Muscle protein changes following eccentric exercise in humans.
This study characterized changes in the protein composition of human muscle tissue after eccentric exercise. Four subjects performed 70 maximum eccentric, isokinetic actions of the forearm flexors with one arm. The other arm served as control. A biopsy of the biceps muscle of each arm was taken 2 days after exercise when muscles were very sore (mean = 8.0; 1 = normal; 10 = very, very sore), and muscle damage was documented by a mean decrease of 0.2 radians in the relaxed elbow angle. Proteins from the biopsy tissue were solubilized in a high ionic strength buffer containing several proteolytic inhibitors. Protein concentrations of the extracts were determined and identical amounts loaded onto sodium dodecyl sulfate (SDS) polyacrylamide gels (7.5, 12.5, and 17.5%). Densitometric analysis of the Coomassie brilliant blue stained gels revealed alterations in the amounts of three protein bands in the exercised tissue relative to the control. These changes were in the linear portion of the graph of absorbance versus protein amount. Wilcoxon's signed rank test showed the first two of the following bands to increase significantly in amount (P less than 0.062). The average percentage changes [mean (SEM)] for these bands were 63 (21), 39 (5), and 82 (35). The corresponding molecular weights determined from known standards were 76300 (860), 33200 (310), and 12000 (80) daltons, respectively. These changes imply that the increased synthesis, decreased degradation, or some combination thereof, of these three proteins may be necessary for the repair or regeneration response to exercise-induced muscle damage.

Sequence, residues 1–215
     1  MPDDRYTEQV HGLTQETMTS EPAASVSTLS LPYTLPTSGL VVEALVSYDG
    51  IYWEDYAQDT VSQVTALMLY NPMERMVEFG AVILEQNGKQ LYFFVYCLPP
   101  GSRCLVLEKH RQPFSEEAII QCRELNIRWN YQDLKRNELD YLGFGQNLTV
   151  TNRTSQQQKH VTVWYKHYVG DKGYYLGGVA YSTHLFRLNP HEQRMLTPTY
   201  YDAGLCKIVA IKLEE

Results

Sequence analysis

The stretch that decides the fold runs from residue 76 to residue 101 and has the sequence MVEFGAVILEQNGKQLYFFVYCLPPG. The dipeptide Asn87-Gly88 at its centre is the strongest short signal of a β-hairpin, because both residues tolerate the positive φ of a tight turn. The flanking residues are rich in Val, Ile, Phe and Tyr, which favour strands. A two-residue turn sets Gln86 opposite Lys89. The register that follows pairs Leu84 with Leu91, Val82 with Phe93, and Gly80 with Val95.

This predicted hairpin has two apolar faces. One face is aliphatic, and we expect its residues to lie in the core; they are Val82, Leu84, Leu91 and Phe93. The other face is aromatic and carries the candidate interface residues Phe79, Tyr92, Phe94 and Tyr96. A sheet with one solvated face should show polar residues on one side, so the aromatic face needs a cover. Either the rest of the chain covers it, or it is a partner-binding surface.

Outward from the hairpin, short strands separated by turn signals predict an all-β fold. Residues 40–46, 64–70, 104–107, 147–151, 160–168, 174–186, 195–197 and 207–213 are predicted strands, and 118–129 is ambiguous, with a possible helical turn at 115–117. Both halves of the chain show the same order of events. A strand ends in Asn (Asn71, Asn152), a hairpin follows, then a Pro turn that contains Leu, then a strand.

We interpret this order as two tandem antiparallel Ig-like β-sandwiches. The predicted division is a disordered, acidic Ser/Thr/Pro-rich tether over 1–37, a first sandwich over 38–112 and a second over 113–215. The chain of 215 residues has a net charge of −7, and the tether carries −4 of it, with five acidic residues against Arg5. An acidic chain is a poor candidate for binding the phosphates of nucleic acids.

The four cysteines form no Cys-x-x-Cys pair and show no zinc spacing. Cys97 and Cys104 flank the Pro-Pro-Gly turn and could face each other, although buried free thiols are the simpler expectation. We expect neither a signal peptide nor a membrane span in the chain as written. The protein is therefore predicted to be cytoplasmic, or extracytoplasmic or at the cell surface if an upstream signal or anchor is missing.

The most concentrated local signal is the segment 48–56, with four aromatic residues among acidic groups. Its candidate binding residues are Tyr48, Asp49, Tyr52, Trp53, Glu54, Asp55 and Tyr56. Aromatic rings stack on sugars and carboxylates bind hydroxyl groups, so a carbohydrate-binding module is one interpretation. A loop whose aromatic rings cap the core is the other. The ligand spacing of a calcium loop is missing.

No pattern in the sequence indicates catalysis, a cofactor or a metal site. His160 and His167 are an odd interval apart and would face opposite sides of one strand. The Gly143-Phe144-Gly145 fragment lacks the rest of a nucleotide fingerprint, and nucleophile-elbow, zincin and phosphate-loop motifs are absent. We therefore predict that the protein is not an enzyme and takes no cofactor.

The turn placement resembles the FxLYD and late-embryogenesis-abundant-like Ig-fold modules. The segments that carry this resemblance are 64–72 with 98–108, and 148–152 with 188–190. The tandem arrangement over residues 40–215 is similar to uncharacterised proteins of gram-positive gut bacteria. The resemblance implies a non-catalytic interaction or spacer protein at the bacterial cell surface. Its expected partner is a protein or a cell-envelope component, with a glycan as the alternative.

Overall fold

Reichsman, F; Scordilis, SP; Clarkson, PM; Evans, WJ
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